The brilliant planet Venus arrives at the pinnacle of itscurrent morning apparition next week, rising at, or shortly before 3:20 a.m.local daylight time, its earliest rising time this year or next. That works outto more than two hours before the first sign of dawn begins to light up theeastern sky.
At sunrise, Venuswill have climbed nearly 40 degrees above the east-southeast horizon (10 degreesis roughly equal to your clenched fist held at arm's length. So at sunup, Venuswill stand nearly "four fists" up from the horizon).
Meanwhile, a much dimmer planet, Saturn, glowing with amellow yellow light, rises shortly after Venus. And right in between the twoplanets shines the blue-white 1st-magnitude star, Regulus, in Leo, the Lion.
Next week, an ever-changing "Celestial SummitMeeting" will greet early risers as Venus interacts with Regulus, Saturnand a lovely crescent Moon in some very interesting celestial configurations.
The eye-catching array kicks off this weekend. On Saturdaymorning, Oct. 6, Venus, Regulus and Saturn will form a wide triangle with theMoon hovering high above them.
On Sunday morning, Oct. 7, the Moon will be strikinglypositioned inside of the Venus-Saturn-Regulus triangle.
Venus will appear to speed to the south of Regulus onMonday, Oct. 9. Then finally, on Sunday, Oct. 14, Venus will pass to the southof Saturn.
In telescopes and even steadily-held binoculars,Venus is revealed this week as a wide crescent, but as it pulls ahead of Earthand speeds away in its orbit, its disk will shrink and it will display an apparenthalf-moon phase as seen in a telescope, soon after the start of November.
Saturn, in contrast appears much dimmer – about 1/120 asbright as Venus – primarily because it's located about 17 times farther out inspace than Venus as seen from here on Earth.
Another factor is that the famous ring system, which can beseen in any telescope magnifying over 30-power, is gradually closing as seenfrom our Earthly perspective. Their angle of inclination diminishes from 8.8 to7.4-degrees during October. By the summer of 2009, the rings will appearedge-on to us and will be difficult, if not impossible to see, even in largetelescopes.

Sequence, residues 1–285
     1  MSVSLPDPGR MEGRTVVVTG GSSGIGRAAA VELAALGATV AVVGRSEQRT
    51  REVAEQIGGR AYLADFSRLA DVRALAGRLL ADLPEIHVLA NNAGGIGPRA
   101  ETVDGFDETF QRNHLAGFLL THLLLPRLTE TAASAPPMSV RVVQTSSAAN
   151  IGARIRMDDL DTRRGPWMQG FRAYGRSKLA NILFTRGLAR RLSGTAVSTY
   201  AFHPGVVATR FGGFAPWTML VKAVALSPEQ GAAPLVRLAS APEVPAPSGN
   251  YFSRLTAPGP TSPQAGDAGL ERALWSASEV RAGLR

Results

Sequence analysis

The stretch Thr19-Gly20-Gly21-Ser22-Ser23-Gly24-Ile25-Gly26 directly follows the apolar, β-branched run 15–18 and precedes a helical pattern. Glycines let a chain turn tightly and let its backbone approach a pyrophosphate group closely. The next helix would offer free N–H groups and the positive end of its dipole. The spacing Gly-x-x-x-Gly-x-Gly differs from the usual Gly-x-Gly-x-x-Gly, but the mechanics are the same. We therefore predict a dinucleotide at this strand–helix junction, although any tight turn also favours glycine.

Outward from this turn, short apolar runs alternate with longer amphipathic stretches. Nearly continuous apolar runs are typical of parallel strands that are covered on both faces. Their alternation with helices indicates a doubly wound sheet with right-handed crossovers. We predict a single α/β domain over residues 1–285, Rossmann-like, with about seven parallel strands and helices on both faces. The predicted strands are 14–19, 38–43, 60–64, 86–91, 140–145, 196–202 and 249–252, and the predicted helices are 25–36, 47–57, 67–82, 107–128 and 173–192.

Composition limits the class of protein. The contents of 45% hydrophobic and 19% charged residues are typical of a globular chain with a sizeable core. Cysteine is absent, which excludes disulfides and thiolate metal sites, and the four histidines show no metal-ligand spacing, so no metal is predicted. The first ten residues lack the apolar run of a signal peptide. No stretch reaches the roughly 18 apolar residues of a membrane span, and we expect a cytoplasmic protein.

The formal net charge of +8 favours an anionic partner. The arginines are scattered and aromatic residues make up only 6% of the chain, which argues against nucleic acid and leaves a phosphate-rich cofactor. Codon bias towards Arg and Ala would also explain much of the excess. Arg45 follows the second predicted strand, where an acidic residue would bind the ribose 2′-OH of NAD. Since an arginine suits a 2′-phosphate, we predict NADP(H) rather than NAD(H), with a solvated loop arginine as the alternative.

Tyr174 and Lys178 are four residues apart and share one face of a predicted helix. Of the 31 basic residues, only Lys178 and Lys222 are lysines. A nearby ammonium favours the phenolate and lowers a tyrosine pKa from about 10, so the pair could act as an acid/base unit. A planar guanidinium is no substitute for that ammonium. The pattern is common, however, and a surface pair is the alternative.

Heart of Leo
As for Regulus, it marks the heart of Leo, a star patternwhose origins trace back to the earliest Mideastern peoples, especially thoseof the Tigris and Euphrates area. Among virtually all civilizations there, thisconstellation was accorded king-of-the-beasts status and regal symbolism.
And although it shines only 1/229th as bright as Venus andranks at the bottom on the list of the 21 brighteststars, we know today that Regulus is also regal in an astrophysical sense. It'sa highly luminous blue-white star, and just as earthly kings were uncommonpersonages among the human population, a star like Regulus is also uncommonamong the stellar population. Its spectral class is B7; one of the very smallminority of those born with enough mass to occupy an exalted station near thetop of the main sequence of star classification.
And lastly, its distance of 78 light-years means the lightyou see arriving from Regulus now started on its journey to Earth right aroundthe time of the great stock market crash in 1929.
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Joe Rao serves as an instructor and guest lecturer at New York's Hayden Planetarium. He writes about astronomy for The New York Times and otherpublications, and he is also an on-camera meteorologist for News 12 Westchester, New York.